May is an ideal time to visit Norway as it marks the beginning of the shoulder season meaning you can strike the perfect balance of favorable weather conditions and fewer tourists. It’s an ideal time to explore the stunning landscapes of Norway without the crowds and allows you to fully immerse yourself in the country's natural beauty. Let’s also not forget about May 17th - the largest public celebration in all of the Nordics.
Here’s our guide to 6 places and things you should do in May in Norway, ending with our photographer and friend, Marcus Valeur’s insider tips to the May 17th celebrations in Bergen.
While the winter season may be winding down, the higher altitude areas and ski resorts still offer ample snow coverage for skiers. Way up north, you may even be lucky to find cold, fresh snow, and further down south, the legendary summer skiing will keep you going until late in the evening.
Around Tromsø in early May, you can still be lucky to find cold snow, long days, and more stable spring weather. If you're going yearly in May, you really should try a "Sail to Ski" trip out from Tromsø or ski around Lyngen. The scenery will blow your mind and make you forget all the altitude you'll need to ski tour up. We suggest reaching out to Lyngen Lodge for great accommodation or Pukka Travel for an unforgettable sail-to-ski experience.
Further down south and in mid-May, the summer skiing starts with the road opening to Fonna. Driving there on a winding small road with snow walls way above your car is fascinating, and the skiing is slushy and exactly like it should be in May. Fun fact: This is where we shot the Markus Kleveland campaign back in 2020.
Another great activity you can enjoy in May is surfing. Norway's rugged coastline boasts incredible waves, and this lesser-known surf destination offers thrilling experiences for surf enthusiasts. May is not the best month for big waves with high energy, but this gives you a perfect opportunity to learn or just play around on smaller, smoother waves rolling consistently in from the Atlantic. From Lofoten to Stavanger, you can find several surf schools and rental shops that cater to both beginners and experienced surfers. Catching a wave against the backdrop of majestic fjords is an unforgettable experience that will leave you in awe.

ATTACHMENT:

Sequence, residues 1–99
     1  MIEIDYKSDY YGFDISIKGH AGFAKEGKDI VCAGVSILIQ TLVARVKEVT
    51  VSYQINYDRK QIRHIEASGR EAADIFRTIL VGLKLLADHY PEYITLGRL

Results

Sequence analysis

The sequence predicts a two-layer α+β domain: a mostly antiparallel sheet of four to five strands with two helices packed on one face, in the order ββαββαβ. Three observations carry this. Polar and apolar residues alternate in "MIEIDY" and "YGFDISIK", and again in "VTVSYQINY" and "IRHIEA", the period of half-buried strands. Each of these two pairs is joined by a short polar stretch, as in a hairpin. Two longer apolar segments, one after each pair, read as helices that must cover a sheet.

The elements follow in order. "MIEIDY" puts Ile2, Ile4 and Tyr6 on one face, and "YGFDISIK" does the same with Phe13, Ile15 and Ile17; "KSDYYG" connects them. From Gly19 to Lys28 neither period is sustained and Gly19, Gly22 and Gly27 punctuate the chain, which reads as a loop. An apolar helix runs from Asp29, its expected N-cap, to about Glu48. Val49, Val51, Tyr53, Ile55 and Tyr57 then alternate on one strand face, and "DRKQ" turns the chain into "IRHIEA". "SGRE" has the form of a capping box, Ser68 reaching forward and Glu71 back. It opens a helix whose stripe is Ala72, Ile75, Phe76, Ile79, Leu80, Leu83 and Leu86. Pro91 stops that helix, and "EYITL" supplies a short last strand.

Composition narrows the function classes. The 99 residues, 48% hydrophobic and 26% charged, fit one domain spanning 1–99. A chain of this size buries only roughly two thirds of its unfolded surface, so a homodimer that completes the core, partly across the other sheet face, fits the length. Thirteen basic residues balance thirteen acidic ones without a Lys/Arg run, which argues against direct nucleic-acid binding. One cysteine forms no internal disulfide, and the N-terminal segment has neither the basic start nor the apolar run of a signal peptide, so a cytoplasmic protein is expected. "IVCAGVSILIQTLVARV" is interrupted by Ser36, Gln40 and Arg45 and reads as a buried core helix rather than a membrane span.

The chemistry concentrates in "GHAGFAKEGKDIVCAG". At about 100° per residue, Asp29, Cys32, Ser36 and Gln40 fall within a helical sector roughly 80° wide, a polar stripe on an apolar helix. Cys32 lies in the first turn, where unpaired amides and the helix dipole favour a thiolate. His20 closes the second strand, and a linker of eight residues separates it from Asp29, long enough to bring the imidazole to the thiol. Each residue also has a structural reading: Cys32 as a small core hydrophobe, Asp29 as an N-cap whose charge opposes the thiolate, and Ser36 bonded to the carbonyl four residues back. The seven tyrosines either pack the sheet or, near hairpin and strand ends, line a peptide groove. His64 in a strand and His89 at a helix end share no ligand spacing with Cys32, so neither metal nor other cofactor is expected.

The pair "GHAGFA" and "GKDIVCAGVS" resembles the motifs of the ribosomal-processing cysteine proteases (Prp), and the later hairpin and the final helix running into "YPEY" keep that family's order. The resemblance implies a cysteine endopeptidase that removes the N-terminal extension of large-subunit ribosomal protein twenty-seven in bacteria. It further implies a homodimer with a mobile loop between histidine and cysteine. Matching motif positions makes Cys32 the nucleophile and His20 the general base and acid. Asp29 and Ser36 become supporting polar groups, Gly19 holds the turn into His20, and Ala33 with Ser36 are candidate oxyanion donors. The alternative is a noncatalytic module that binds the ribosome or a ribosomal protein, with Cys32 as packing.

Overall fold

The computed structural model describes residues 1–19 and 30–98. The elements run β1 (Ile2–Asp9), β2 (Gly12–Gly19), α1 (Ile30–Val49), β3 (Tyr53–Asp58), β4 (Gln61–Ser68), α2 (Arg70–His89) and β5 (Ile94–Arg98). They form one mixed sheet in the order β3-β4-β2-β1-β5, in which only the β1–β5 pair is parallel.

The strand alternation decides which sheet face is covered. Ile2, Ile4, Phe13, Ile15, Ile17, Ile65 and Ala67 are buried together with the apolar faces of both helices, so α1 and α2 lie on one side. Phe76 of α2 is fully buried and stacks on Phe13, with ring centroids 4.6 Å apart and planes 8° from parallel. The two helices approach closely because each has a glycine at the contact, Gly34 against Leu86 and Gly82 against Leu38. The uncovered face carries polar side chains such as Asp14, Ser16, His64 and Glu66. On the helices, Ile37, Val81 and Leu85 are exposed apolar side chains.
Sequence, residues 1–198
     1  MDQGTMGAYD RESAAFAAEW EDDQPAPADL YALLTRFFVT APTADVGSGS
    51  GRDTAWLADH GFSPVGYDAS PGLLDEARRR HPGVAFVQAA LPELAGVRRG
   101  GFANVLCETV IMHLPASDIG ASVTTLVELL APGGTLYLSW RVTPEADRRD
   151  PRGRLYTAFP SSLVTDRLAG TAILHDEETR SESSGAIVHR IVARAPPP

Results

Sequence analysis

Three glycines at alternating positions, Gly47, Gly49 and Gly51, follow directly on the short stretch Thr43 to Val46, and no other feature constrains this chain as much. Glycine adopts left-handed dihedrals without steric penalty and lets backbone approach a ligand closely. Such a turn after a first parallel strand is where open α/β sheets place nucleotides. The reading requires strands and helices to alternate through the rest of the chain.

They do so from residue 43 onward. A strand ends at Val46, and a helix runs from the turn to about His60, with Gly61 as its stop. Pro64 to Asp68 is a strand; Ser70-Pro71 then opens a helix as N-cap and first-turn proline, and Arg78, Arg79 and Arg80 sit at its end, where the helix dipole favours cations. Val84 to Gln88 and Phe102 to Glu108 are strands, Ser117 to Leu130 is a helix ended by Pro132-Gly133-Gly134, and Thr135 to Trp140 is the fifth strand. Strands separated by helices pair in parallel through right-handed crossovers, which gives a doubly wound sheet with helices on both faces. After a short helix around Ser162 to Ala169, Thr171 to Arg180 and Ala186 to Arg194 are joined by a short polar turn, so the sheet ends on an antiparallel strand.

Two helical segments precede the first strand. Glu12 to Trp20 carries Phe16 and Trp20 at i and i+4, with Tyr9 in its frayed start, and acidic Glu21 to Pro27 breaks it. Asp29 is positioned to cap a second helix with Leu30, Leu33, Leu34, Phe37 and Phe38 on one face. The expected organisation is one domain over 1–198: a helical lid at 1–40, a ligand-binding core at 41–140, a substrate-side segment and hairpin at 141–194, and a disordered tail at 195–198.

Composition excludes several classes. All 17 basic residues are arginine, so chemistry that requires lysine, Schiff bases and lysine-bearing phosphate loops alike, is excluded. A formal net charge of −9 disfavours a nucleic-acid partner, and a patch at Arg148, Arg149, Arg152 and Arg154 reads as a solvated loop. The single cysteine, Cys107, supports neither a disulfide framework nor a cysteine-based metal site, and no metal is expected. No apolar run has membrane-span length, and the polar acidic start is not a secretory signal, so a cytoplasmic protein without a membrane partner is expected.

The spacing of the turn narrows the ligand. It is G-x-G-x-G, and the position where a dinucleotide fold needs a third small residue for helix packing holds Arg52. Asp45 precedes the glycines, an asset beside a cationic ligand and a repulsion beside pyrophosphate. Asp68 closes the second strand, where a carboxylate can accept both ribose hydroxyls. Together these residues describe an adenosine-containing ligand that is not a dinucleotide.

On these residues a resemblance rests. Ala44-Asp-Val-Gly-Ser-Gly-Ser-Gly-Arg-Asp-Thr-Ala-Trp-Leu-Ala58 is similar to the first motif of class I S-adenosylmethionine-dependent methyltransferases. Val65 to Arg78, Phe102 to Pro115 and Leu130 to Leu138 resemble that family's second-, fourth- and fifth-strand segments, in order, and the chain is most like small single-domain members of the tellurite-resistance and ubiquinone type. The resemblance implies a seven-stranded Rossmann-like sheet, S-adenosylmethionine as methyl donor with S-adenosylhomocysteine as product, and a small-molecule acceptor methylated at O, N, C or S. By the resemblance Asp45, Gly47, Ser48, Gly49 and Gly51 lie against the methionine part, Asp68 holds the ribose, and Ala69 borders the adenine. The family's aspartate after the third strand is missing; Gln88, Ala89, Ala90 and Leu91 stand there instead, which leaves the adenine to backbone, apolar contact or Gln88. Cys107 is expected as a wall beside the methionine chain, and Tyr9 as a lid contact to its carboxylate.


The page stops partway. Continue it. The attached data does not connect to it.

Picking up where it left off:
The best chance to get consistent swell in May is around Lofoten, with Unstad being the main spot. This time of year, you'll experience fewer crowds but with the same pristine beaches, framed by majestic mountains and picturesque fjords, providing a breathtaking backdrop for your surfing experience. Reach out to Unstad Arctic Surf to arrange your full trip with both accommodation and a surf school.
Another magical place to surf is the brand's birthplace, Hoddevik. It was here in May 2011 that our two founders met while surfing, resting from glacier skiing. Located on the picturesque west coast of Norway, it is a hidden gem for surf enthusiasts seeking a unique and unforgettable experience. Surfing in Hoddevik in May offers incredible waves, pristine beaches, and a serene coastal environment. When it comes to accommodations, Hoddevik's small town does not offer much, but it is enough to cater to surfers' needs. Our main recommendation here is Lapoint Surf Camps House close by the beach.
It might be a stretch calling the 17th May parade a hike, but it's probably one of the most memorable hikes you can do in Norway in May before all the trails further north dry up from the snow.
One of the most vibrant and cherished celebrations in Norway is the 17th May, also known as Norwegian Constitution Day. People often flock to Oslo for this occasion, as there's no denying that the capital city offers a memorable experience. However, when talking to colleagues, friends, and locals, many share tips that point towards Bergen. As our photographer friend Marcus Valeur once said, "Oslo may have its charm for 364 days, but on May 17th, Bergen is unbeatable. The people of Bergen take the 17th VERY seriously." The streets of Bergen come alive with Norwegian flags, and both locals and visitors gather to celebrate the nation's independence and unity with one of the largest parades in the country. The highlight of the day is just that specific parade that winds its way through the city, featuring traditional costumes, lively music, and an infectious excitement among Norwegians.
If you're a fan of exploring on foot and prefer to avoid the crowds, May presents a fantastic opportunity to embark on some incredible hikes before the masses arrive. One hike that truly stands out is Trolltunga. Nestled amidst awe-inspiring landscapes, this jaw-dropping cliff formation treats you to breathtaking panoramic views of the surrounding fjords and mountains. While the hike can be challenging and a bit wet in early May, the reward of standing on the edge of Trolltunga, suspended high above the vast Norwegian landscapes, is simply awe-inspiring. Don't forget to pack light as you’ll need to gain quite some elevation from the parking lot.